Liberalism is the dominant ideology of the capitalist system, encompassing ideas like classical liberalism, social liberalism, and neoliberalism. Modern conservatism melds old school concern for tradition with classical liberal and neoliberal economics (so in many ways conservatives are still liberal), and modern “Democrat Party style liberals” fall into social liberalism. It’s confusing because there’s a lot of overlap, but what’s important to realize is that everyone acquires varying levels of liberal ideology by default through living in capitalist society, regardless of whether or not they’re Democrats or Republicans, Tory or Labor, etc.
By dominant ideology, here’s a few examples of what that might mean in real-world context:
-Liberal representative democratic capitalism is seen as the “end of history”, an unspoken dogma that social organization cannot advance beyond what we find ourselves in right now
-A vague notion that “all views” ought to be accepted at the “marketplace of ideas”, with zero concern for power dynamics (which merely reinforces the imbalanced status quo)
-A belief that the system can be worked with and reformed to eventual perfection, even if there’s disagreement on what those reforms entail
-A reverence for the concept of private property and a belief that hierarchical market transactions are economic freedom in its purest form, even if they believe that that “economic freedom” needs to be curbed a bit for the betterment of society (as social liberals argue)
-Believes in some degree of horseshoe theory, where politics is seen as a “circle” (militant ideologies are all seen as inherently the same thing) rather than as historical struggle over the modes of production and the accompanying ideologies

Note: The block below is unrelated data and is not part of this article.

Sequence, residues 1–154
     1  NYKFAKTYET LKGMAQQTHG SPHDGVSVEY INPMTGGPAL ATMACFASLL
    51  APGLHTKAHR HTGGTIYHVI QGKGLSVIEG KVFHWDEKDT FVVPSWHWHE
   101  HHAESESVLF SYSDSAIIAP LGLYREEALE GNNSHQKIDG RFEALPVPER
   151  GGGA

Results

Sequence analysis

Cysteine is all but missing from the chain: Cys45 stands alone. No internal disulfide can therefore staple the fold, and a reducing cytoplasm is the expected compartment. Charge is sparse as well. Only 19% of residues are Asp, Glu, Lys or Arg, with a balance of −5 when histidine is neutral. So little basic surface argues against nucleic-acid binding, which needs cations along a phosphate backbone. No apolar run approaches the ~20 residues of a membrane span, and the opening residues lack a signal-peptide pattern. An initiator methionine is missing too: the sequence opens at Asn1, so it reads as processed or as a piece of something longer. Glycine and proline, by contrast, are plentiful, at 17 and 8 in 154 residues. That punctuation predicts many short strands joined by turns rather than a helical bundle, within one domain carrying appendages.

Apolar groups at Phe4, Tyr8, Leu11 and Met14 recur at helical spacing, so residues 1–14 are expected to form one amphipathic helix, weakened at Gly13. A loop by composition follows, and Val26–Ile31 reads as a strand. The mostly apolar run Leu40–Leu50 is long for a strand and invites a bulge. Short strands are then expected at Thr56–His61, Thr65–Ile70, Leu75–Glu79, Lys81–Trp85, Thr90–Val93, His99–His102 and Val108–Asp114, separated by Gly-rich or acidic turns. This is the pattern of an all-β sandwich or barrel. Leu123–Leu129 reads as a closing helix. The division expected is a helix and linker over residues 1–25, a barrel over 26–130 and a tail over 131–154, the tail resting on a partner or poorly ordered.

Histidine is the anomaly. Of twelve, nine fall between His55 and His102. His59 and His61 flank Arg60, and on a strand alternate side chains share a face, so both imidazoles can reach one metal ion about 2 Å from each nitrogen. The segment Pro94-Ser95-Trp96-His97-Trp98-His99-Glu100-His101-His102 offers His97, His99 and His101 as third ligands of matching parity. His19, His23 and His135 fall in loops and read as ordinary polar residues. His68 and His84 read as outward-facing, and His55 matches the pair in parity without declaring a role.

-Will ultimately admit that the economy’s #1 priority is to meet the needs of capital when the chips are down (indeed, that is capitalism’s primary function).
With regard to the above examples, it doesn’t generally matter what a person labels themself – if they subscribe to a mainstream political position, they very likely believe in most of the above. When politicians accept “bipartisan” actions; when crisis afflicts the capitalist system and people need to “come together” to find solutions; when Michelle Obama hugs George W Bush and they act like best pals; when Democrats peacefully hand power over to Donald Trump after months of labeling him dangerous and on-par with proto-fascism – that’s when the idealistic bubble of political liberalism tears and you’re able to see the unified interests of the ruling classes, realized in the maintenance of capitalist society.
It’s probably one of the first things that anyone who converts to feminism realizes, and so it may be somewhat trivial, but the word “girls” used to designate grown women is pretty infantilizing. Adult females are women, not girls or chicks (newly hatched birds), and they should be called women.
That much is obvious, but there’s a lot more behind these words. There is a whole ideology of infantilization, and this is only the most visible manifestation of it. It is also one of the least significant, especially since these words have changed in meaning over time, like all words do. The words are symbols emergent from a disease, not the disease.
The infantilization of women takes many forms, from BDSM and DD/lg to mansplaining, the association of women with frivolous pursuits like shopping and shoes while serious things are associated with men, the belief in women as emotional and pre-rational beings, and so on. I have commented about most of these issues on this blog, so I will not repeat myself here.
Infantilization doesn’t just mean equating women with children. As I’ve discussed on the issue of childism, children are associated with wildness, and the need to be tamed and pacified so they can fit within society. Likewise, women have been associated with wildness, although in their case wildness means sexual depravity. So we get things like “girls gone wild,” and the association of “savages” with being oversexed and animalistic.